Road to Recovery

The battle started with four treatments of chemotherapy, one every Monday for two-and-a-half months.

Schmidt would find himself hooked onto a port that was inserted into his chest and passed through his jugular vein. At the start of each week, he’d get his dose. He’d fall dangerously ill, weak and puking until the Friday of the following week. He’d sigh. Finally, some rest. Two days later, the cycle would start again.

“It was the hardest thing I had ever experienced,” Schmidt said. “I would never wish that upon my worst enemy.”

As Schmidt’s MLB chase was put on hold, others were finishing the race. Schmidt recalled listening to the 2015 MLB Draft on the radio in the middle of treatment. In the 32nd round, he heard his name being called. The Boston Red Sox had drafted him.

Schmidt’s dream was still alive.

Clate with Jon Lester. Photo courtesy of Clate Schmidt

“That pick meant so much to me,” Schmidt said. “They put in me a motivation to continue fighting; to keep battling.”

Soon after, Schmidt met the Chicago Cubs’ Jon Lester, who had beaten another form of lymphoma in 2006. He gave him insight on what to expect, what treatment would do to his body, how to be patient during the struggle towards recovery. More importantly, he gave him hope, further encouraging Schmidt throughout the process.

As Schmidt underwent radiation on his neck for 17 consecutive days, he made himself a promise: he was going to be Clemson’s opening day pitcher. Even when the pain in his throat was too intense to swallow, Schmidt stayed true to his word.

“My entire goal and drive was to be the opening weekend starter for my Tigers,” Schmidt said. “I wasn’t going to allow anybody else to take this position away from me.”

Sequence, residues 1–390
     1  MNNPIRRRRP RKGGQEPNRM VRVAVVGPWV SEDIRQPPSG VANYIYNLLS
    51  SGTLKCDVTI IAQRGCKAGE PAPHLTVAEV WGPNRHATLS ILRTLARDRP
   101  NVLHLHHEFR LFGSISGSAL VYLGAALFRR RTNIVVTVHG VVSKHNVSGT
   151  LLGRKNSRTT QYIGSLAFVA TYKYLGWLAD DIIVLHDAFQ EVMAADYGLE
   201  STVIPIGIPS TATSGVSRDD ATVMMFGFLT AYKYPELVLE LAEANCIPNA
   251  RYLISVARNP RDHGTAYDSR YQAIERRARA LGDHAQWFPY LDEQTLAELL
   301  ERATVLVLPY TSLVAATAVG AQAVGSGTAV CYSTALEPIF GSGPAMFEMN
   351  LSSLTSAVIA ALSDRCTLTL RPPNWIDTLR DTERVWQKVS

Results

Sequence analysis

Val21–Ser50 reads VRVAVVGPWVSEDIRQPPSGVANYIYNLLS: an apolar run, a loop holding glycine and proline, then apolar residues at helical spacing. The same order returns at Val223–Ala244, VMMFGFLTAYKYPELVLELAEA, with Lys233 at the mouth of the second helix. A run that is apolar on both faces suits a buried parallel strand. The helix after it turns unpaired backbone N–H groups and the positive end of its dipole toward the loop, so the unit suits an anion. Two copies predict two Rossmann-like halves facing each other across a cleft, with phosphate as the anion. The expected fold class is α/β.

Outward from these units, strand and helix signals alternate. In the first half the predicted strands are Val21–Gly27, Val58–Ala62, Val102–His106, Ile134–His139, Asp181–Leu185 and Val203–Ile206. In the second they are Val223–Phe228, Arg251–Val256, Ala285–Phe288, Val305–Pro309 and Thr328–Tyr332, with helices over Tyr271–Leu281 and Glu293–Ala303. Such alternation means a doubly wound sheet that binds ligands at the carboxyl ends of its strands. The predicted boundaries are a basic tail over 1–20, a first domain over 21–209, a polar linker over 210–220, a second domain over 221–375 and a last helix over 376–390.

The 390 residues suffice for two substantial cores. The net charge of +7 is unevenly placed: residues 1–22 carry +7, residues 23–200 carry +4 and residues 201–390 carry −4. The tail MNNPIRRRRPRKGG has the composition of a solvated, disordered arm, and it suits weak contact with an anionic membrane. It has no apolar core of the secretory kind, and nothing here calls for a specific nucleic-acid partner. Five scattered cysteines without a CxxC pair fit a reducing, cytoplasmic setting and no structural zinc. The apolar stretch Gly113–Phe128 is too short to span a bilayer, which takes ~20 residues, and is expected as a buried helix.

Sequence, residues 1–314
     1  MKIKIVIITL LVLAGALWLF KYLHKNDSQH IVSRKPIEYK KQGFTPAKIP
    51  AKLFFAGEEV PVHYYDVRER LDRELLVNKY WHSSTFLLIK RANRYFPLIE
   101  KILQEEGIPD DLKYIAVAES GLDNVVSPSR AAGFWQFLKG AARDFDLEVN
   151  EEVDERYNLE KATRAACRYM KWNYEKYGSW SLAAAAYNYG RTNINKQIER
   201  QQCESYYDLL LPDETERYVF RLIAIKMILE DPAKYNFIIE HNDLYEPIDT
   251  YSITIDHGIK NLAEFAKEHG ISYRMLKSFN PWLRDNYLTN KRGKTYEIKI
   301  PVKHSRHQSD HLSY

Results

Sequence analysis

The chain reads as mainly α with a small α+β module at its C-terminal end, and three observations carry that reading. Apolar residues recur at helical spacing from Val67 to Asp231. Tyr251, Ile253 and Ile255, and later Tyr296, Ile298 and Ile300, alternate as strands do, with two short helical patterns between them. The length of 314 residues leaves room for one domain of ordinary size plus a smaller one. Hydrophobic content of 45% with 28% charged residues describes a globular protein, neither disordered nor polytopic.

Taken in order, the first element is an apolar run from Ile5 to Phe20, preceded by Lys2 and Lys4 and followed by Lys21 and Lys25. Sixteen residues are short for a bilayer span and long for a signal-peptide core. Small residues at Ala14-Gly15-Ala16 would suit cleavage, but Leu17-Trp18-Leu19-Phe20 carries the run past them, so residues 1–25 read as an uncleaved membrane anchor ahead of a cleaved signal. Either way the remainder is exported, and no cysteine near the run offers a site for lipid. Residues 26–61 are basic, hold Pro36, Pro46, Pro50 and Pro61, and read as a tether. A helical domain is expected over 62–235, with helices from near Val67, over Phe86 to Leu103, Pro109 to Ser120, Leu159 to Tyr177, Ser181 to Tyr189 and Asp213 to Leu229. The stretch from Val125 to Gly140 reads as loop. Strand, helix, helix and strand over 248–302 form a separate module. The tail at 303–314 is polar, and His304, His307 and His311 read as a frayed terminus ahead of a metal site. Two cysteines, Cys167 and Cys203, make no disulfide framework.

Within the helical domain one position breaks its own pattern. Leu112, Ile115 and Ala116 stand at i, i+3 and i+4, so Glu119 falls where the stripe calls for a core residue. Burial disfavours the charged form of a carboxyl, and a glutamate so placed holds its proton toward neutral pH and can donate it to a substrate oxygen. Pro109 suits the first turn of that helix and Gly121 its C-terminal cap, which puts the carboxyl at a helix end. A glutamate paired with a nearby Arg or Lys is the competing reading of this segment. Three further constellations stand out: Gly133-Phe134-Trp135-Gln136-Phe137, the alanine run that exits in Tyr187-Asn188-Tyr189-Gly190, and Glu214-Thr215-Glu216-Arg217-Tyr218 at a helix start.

So that’s what he did. Schmidt finished his last session of radiation, grabbed his already-packed bags, left the center, and drove to Clemson. Just one year after discovering the lump that would change his fate, Schmidt met his team back on the field. He stood on the mound, knowing full well that the end of radiation did not mark the end of his trials.

The road to his real recovery was only just beginning.

Keeping the Faith

Clate Schmidt sits alone on his truck’s tailgate on a humid March evening in Lakeland, Florida. Sometimes he stays behind on the Detriot Tigers’ practice field there, putting in some extra time after another practice during the team’s spring training. Today, he reflects.
He reflects on that feeling—the one he got upon throwing a baseball for the first time after radiation, that made him remember his love for the game, that resurfaced after starting the first weekend of his 2016 season at Clemson and earning the win.

Clate and his family Stand Up to Cancer. Photo courtesy of Clate Schmidt

He reflects on his struggles—the ones that leave him breathless and woozy after a set of monster walks, that have him fighting to push his treatments’ chemicals out of his system, that remind him to appreciate every little blessing.

And he reflects on his faith—the one that reminds him that God will never fail him, the one he credits for being drafted in the 20th round by the Tigers in 2016.

The one that’s never been stronger.

“When I see people who are going through cancer today, I remember why God took me down this path,” Schmidt said. “This journey wasn’t just one for me. It was so that I could be able to be a bulldozer for those who would go through what I went through, so that I could show them how to never let cancer take over their life and consume them.”

And when he meets those same cancer patients today, Schmidt’s message is loud and clear.

“Hope, push,” Schmidt said. “Never give up. Never stop the fight.

“Have faith.”